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Queens Probate & Estate Administration Law Blog

Grounds for contesting a will

While a will may seem like the final say if your loved one in New York has passed away, the truth is that there can be many mistakes made during the writing and developing that can render the agreement invalid. If you believe that this has happened to you, we at Joseph A. Ledgwidge can represent you as you contest the will.

There are many grounds that can be claimed when fighting for your rights. According to the New York City Bar, a will may not be used if you can show that there was any sort of fraud involved during the creation of the document. This could mean that your loved one was lied to or in another way decieved. This is taken very seriouisly by the court, but you must also be able to prove that it happened.

Disinheriting your kids? Don't leave room for disputes

Last month, iconic comedian Jerry Lewis passed away at the age of 91. As is often the case when it comes to high-profile celebrities and entertainers, his death made national headlines and many people were saddened by his passing. However, his six children may feel something other than sadness, as it was recently revealed that Lewis explicitly excluded them from being beneficiaries of his estate.

As noted in reports on the exclusion, there was a clause in Lewis' will that he was intentionally leaving his six kids from his first marriage -- and their descendants -- no benefits. Instead, Lewis' widow will inherit everything, and their adopted daughter is next in line. There are a few things New Yorkers can learn from this situation, should they be considering a similar decision.

Working through a trust contest

On this blog, we have covered a number of topics related to will contests. However, it is important to point out that trust contests also arise and can create serious challenges. If you are dealing with a trust contest, you could be facing various issues. At Joseph A. Ledwidge, P.C., our law firm is very familiar with the emotional strain that trust contests can generate and we know how vital it is for people who live in Jamaica and other areas of New York to do what they can to resolve these matters efficiently, if possible.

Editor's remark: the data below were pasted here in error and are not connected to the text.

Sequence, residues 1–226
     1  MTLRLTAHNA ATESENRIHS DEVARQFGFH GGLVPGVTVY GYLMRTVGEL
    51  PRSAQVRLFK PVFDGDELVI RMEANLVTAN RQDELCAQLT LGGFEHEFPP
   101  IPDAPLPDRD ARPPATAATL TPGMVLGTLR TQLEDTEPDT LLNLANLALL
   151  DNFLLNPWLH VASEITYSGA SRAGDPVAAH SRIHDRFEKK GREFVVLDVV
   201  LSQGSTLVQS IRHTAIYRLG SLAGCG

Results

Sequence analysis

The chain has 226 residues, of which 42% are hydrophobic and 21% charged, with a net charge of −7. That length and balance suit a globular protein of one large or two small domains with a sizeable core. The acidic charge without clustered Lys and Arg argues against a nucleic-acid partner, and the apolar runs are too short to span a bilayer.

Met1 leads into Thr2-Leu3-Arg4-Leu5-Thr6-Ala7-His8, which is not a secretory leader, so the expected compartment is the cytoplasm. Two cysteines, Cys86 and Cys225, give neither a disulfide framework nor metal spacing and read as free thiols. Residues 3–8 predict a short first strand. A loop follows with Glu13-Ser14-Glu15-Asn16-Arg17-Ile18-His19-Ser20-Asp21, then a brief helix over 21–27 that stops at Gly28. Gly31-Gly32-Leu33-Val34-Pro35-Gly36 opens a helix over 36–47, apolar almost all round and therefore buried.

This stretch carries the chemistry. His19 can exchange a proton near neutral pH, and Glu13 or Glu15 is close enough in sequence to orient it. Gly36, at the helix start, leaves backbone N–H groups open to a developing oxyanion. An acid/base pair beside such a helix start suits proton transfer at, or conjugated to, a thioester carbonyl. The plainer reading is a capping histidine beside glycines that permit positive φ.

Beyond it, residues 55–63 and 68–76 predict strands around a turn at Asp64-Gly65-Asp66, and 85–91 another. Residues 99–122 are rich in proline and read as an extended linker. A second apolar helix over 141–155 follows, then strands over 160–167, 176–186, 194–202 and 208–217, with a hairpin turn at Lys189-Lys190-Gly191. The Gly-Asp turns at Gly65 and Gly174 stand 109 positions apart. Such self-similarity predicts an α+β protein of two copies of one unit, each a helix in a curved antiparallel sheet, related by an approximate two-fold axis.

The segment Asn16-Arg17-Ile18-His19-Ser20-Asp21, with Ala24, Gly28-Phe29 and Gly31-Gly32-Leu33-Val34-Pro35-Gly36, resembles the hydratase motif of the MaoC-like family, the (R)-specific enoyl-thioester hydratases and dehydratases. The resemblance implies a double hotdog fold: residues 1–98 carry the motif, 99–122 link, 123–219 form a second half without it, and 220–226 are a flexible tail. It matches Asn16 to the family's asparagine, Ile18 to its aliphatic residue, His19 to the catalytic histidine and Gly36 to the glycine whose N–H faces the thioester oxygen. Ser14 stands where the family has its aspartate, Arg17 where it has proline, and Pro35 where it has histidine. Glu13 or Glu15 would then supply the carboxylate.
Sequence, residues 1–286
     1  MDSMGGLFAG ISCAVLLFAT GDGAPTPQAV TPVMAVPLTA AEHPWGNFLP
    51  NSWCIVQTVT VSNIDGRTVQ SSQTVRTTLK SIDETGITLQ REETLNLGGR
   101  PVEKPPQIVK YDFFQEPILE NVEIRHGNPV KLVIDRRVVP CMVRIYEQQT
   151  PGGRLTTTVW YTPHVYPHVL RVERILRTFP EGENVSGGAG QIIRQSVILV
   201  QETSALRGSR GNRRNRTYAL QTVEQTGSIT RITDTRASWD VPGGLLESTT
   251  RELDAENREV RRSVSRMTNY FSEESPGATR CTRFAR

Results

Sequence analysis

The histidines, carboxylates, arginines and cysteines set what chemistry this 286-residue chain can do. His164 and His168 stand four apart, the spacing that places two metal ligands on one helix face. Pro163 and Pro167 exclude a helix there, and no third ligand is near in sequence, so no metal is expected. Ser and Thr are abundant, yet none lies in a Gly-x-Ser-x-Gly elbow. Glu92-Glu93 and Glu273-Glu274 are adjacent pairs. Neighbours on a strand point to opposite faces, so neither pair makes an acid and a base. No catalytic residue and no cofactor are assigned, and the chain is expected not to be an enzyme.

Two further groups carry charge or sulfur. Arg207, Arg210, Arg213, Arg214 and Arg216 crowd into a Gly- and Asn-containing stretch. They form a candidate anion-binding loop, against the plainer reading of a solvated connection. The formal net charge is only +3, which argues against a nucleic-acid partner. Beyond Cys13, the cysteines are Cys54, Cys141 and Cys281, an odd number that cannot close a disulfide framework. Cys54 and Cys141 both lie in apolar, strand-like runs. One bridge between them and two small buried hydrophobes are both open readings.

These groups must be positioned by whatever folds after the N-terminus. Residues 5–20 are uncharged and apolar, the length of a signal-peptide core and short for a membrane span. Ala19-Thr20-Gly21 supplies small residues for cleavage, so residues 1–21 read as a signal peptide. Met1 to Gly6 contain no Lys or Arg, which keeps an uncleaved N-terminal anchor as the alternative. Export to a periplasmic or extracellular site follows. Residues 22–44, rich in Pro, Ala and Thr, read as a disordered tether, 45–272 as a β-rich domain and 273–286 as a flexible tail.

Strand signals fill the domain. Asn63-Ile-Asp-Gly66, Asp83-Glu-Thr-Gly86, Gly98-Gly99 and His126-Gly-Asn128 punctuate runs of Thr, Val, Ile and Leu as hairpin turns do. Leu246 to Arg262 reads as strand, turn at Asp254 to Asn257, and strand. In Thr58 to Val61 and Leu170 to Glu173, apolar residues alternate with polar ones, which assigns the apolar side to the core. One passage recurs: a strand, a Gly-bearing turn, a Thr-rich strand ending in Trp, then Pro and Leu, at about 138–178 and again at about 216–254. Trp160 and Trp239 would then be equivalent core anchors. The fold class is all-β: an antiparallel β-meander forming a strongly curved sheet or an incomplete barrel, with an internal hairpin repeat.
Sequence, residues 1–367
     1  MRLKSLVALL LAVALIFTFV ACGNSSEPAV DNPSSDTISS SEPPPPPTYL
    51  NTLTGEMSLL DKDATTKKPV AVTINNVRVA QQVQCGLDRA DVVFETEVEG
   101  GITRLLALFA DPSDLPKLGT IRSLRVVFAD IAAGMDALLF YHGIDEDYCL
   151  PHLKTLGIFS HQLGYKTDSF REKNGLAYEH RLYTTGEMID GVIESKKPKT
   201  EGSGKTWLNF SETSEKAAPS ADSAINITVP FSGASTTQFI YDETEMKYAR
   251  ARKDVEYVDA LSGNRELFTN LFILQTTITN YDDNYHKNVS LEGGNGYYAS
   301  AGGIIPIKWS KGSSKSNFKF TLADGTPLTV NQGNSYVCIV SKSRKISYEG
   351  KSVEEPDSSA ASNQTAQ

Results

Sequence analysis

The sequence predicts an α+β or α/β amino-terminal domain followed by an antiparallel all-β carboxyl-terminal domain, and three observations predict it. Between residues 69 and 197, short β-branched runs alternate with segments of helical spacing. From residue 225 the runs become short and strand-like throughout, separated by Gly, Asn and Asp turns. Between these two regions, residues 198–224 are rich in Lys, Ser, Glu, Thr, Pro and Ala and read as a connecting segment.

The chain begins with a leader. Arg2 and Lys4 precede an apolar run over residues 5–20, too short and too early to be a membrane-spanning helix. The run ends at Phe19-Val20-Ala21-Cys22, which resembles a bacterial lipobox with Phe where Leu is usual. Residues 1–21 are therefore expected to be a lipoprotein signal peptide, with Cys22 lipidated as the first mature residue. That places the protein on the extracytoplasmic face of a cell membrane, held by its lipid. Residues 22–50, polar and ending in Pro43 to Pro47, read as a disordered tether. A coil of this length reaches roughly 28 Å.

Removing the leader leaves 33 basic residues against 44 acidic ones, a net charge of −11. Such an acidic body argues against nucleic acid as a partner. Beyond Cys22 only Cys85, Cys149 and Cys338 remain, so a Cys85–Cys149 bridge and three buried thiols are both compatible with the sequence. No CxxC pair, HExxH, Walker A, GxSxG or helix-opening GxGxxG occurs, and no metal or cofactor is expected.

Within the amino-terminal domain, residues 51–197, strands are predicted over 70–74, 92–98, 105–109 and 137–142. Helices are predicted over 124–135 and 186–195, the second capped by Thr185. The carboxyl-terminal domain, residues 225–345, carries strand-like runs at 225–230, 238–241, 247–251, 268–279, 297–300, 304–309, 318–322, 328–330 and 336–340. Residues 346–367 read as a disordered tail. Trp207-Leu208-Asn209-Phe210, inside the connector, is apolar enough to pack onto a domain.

Like will contests, trust contests can take place over accusations of undue influence or that the trustor, the person who created the trust and has passed away, was mentally incapacitated when they signed their name. Whether you are a beneficiary who wishes to challenge a trust or you are worried about a beneficiary's decision to challenge, it is important to prepare yourself as much as possible.

Working through the will contest process properly

Unfortunately, there are times when contesting a will becomes necessary. We have covered different reasons for will contests on this blog, such as undue influence. At the same time, Joseph A. Ledwidge also understands that there may be instances where a will is contested on false grounds. Regardless of the nature of your circumstances, it is pivotal for you to work through the will contest process appropriately. For families in Jamaica and all other New York cities, the outcome of a will contest can have a major impact on beneficiaries and even relationships between loved ones, which underlines how pivotal it is to carefully approach this situation.

Whether you are a beneficiary or have been accused of failing to execute a will properly, you should be aware of the emotional repercussions that may come with these disagreements. If you are able to quell hard feelings and strong emotions in order to increase the chances of a favorable outcome, this can be highly beneficial. For many families, the consequences of a will dispute can generate repercussions that last for years to come. That said, we certainly understand that this is not a possibility in all cases.

Possible alternatives to disinheriting a child

If you live in New York and have an estate plan in place, a time may come when you need to modify it or remove one of your beneficiaries. Circumstances can change over time, and at some point, you may second-guess your decision to leave some of your estate to a child because of drug use, irresponsibility or another reason entirely. At Joseph A. Ledwidge, P.C., we understand that your needs with regard to your will may change as the years pass, and we have helped many clients who wish to modify their estate plans to reflect these changing needs.

Disinheriting one of your own children is a major decision that can impact you and your family emotionally, as well as financially. Before making such a weighted decision, understand that there are some possible alternatives that may fit your needs. For example, The Balance suggests that, rather than disinherit your child entirely, you consider creating a trust with specific stipulations.